I have such loving memories of the scruffy, worn-down Womens Hospital in Carlton, which has moved to a new building. I had two babies, and lost two pregnancies there. Despite the ageing and creaky building, the staff were wondrous, especially the midwives. Driving past, I’d squint up the boxy building to try to guess which windows I’d been behind.
A week ago, something terrible happened to a member of our family, and so I had occasion to visit the new, you-beaut Womens Hospital in Parkville. I walked up the wide, easily accessible ramp (tick!) to the beautiful, spacious lobby (tick!) where an information section was easy to find (tick!) and found the person I was looking for in minutes.
It’s really a stunning building, and although, to me, the Women’s will always be about the staff, they now have the comfortable and beautiful working environment which they deserve. The patients and the friends and relatives who wait anxiously there benefit, too.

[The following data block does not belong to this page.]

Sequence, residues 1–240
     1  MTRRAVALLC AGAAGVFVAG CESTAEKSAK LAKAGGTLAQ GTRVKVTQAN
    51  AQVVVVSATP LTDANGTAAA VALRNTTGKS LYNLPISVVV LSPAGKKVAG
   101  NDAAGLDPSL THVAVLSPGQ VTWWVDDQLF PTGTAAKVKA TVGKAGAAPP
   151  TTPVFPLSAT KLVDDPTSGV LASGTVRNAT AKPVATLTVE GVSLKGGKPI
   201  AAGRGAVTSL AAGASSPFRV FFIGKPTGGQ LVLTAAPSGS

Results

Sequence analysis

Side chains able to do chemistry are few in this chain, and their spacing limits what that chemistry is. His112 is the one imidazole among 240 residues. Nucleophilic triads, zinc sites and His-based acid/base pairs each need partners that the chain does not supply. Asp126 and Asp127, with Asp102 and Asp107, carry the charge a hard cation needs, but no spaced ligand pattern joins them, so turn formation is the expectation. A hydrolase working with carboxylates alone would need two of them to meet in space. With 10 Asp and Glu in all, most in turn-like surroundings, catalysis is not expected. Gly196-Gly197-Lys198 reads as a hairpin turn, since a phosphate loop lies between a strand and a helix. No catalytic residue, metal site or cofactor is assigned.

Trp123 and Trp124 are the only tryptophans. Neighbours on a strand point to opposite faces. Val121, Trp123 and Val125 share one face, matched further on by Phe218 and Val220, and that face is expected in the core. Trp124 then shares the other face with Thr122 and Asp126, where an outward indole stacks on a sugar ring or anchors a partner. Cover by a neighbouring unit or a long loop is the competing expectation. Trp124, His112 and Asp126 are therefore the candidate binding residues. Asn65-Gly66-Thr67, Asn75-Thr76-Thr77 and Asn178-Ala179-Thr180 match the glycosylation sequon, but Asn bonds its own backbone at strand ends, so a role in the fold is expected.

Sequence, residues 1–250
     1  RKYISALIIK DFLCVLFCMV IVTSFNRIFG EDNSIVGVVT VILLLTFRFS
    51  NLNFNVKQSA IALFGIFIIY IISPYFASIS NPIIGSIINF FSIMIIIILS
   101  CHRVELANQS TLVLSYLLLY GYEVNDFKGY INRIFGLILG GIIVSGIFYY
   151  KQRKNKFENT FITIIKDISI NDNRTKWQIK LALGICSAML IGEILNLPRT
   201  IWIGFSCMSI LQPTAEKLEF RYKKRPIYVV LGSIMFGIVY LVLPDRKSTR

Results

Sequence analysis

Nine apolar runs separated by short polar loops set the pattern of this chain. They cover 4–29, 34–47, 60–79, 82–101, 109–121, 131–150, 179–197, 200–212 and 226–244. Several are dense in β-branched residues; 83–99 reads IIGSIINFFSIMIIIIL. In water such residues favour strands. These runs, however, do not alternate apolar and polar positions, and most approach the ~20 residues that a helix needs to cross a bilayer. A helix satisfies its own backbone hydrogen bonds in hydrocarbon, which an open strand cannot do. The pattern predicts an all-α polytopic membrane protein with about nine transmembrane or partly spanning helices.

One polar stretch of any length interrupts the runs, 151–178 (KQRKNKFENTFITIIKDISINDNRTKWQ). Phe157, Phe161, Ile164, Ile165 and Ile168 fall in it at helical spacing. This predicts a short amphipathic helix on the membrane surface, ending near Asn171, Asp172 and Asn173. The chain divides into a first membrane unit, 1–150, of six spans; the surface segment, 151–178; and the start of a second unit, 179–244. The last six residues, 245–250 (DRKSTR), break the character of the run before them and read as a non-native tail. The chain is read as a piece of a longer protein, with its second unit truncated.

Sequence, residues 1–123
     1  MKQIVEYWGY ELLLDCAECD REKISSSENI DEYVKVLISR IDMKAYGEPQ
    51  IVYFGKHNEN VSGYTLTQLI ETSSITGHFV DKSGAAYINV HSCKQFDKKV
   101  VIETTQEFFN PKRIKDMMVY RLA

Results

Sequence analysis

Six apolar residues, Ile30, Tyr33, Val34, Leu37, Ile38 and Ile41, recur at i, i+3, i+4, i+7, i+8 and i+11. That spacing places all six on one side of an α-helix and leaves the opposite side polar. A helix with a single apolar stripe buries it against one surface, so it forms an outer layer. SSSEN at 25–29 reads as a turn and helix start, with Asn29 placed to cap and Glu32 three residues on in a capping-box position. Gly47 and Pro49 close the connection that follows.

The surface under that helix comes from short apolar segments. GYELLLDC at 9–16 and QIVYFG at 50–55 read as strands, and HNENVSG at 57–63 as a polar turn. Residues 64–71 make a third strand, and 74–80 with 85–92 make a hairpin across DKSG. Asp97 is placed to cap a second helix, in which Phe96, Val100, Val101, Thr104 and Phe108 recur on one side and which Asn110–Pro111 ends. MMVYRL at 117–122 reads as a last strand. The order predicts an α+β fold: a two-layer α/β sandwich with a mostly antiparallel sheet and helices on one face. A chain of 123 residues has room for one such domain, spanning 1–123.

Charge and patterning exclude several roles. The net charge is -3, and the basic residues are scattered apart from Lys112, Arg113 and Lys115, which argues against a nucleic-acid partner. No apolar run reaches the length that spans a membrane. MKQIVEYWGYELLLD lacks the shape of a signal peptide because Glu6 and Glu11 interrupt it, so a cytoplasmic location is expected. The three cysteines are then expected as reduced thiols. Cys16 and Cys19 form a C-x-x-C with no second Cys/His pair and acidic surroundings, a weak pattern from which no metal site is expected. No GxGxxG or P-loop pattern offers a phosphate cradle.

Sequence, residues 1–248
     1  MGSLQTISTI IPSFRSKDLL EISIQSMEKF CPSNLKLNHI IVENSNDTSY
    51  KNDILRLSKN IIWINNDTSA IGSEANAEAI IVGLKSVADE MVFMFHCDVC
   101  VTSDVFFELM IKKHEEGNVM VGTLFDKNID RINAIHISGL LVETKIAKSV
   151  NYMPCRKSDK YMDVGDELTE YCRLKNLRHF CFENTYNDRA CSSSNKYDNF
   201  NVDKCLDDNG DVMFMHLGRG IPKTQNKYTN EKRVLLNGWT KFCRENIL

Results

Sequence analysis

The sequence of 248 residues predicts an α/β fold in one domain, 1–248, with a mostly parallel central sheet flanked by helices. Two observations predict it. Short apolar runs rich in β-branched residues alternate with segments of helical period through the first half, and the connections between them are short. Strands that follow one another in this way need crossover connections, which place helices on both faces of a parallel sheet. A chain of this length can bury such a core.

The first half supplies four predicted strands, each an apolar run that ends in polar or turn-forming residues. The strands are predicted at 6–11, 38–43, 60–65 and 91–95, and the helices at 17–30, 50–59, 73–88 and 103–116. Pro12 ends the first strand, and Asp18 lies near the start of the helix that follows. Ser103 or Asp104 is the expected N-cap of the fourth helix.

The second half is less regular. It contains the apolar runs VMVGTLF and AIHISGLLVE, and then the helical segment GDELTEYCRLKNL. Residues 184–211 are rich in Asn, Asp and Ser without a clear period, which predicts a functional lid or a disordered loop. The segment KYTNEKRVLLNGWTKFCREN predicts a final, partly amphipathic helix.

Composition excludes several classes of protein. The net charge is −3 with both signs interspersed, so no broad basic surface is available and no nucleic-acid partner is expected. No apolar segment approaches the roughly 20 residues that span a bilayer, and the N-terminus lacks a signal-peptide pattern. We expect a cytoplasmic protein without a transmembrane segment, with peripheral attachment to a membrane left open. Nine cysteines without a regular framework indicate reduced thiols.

It’s just a shame about all the artwork. Not hanging pictures, which I was too preoccupied to notice, but the stuff that’s right up in your face: Environmental graphics, I think, is the correct term for what I’m talking about.
The new RWH features giant frosted-glass murals on the large exterior windows as you walk towards the entrance. This mural shows a younger blonde woman and a slightly older blonde woman. This is hardly a serious effort to fulfil the contractors’ brief, to portray a “broad demographic of age and culture”.
There were smaller murals on the wall facing the lifts, which were impossible to ignore for anybody entering or leaving any part of the building. These murals featured new mums and dads holding babies. Happy, happy, happy.
Although these murals are lovely and fulfil the diversity brief a little better than the one at the entrance, they completely fail the requirement to be “sensitive to the individual needs of patients and their supporters.”
Not everybody leaves the RWH with a live birth. Our family member would have had to walk past those murals as she left the hospital for the car park.
Women come to the hospital to have babies. They also come there to lose their passionately wanted babies, to have abortions, with cancer, with gynaecological troubles, with infertility.
Abstract, rather than figurative, environmental graphics would seem to be the way to go for an environment like this. The new RWH is beautiful and comfortable, but as triggery as all hell.